Footnote12. Veterans Ombudsman (2013), Improving the New Veterans Charter: The Actuarial Analysis. Source: http://www.ombudsman-veterans.gc.ca/eng/reports/reports-reviews/improving-new-veterans-charter (Return)

Footnote13. Veterans Ombudsman (2014), Supporting Severely Impaired Veterans: A Report on the New Veterans Charter Permanent Impairment Allowance and Permanent Impairment Allowance Supplement. Source: http://www.ombudsman-veterans.gc.ca/eng/reports/reports-reviews/improving-nvc-actuarial-analysis (Return)

Footnote 14. Veterans Ombudsman (2016) Fair Compensation to Veterans and their Survivors for Pain and Suffering. Source: http://www.ombudsman-veterans.gc.ca/eng/reports/reports-reviews/supporting-impaired-veterans (Return)

Footnote 15. Aon Hewitt (2016), Risk Assessment - Benchmark of Benefits for Disabled Veterans under the New Veterans Charter. Source: http://www.ombudsman-veterans.gc.ca/eng/reports/reports-reviews/fair-compensation-veterans-pain-suffering (Return)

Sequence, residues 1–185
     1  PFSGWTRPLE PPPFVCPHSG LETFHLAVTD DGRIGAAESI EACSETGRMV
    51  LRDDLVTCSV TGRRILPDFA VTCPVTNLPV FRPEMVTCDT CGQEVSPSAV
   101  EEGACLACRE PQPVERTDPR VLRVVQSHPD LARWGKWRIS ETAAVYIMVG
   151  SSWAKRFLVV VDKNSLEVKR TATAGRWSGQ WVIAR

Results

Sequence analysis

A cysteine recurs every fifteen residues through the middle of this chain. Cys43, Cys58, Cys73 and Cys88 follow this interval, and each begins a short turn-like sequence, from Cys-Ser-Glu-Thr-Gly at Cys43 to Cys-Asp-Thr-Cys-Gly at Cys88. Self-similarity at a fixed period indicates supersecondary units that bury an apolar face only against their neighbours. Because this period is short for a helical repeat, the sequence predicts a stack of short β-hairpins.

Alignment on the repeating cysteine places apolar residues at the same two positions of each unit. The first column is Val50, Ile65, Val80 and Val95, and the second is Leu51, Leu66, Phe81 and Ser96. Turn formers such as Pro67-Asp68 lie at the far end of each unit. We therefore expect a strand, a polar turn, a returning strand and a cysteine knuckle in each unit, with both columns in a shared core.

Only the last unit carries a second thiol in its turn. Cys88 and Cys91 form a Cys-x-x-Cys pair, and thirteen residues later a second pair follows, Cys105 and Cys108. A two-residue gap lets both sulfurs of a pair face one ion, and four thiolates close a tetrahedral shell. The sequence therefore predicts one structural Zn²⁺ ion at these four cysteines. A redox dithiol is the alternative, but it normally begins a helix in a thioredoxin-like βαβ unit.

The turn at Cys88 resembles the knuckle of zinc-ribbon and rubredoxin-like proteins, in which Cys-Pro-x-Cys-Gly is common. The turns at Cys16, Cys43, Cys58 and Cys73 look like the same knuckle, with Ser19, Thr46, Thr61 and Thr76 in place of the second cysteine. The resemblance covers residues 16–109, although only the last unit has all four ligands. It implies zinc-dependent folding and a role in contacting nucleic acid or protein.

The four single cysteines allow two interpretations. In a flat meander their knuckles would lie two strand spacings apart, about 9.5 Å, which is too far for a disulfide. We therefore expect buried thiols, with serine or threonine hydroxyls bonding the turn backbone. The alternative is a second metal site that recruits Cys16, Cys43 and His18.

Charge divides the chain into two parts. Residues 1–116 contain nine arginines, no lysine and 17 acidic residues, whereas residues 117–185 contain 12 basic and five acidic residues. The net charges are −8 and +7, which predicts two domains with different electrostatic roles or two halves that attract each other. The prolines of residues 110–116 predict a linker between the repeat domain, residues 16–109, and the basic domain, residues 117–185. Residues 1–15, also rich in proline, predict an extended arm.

Footnote 16. Veterans Affairs Canada’s Official Website (last consulted on 24 February, 2017). Services. Source : http://www.veterans.gc.ca/eng/services (Return)

Footnote 17. Veterans Affairs Canada’s Official Website (last consulted on 24 February, 2017). Critical Injury Benefit. Source : http://www.veterans.gc.ca/eng/services/after-injury/critical-injury-benefit (Return)

Footnote 18. Veterans Affairs Canada’s Official Website (last consulted on 24 February, 2017). Retirement Income Security Benefit. Source : http://www.veterans.gc.ca/eng/services/financial/retirement-income-security-benefit (Return)

Footnote 19. Veterans Affairs Canada’s Official Website (last consulted on 24 February, 2017). Family Caregiver Relief Benefit. Source : Source: http://www.veterans.gc.ca/eng/services/health/family-caregiver-relief-benefit (Return)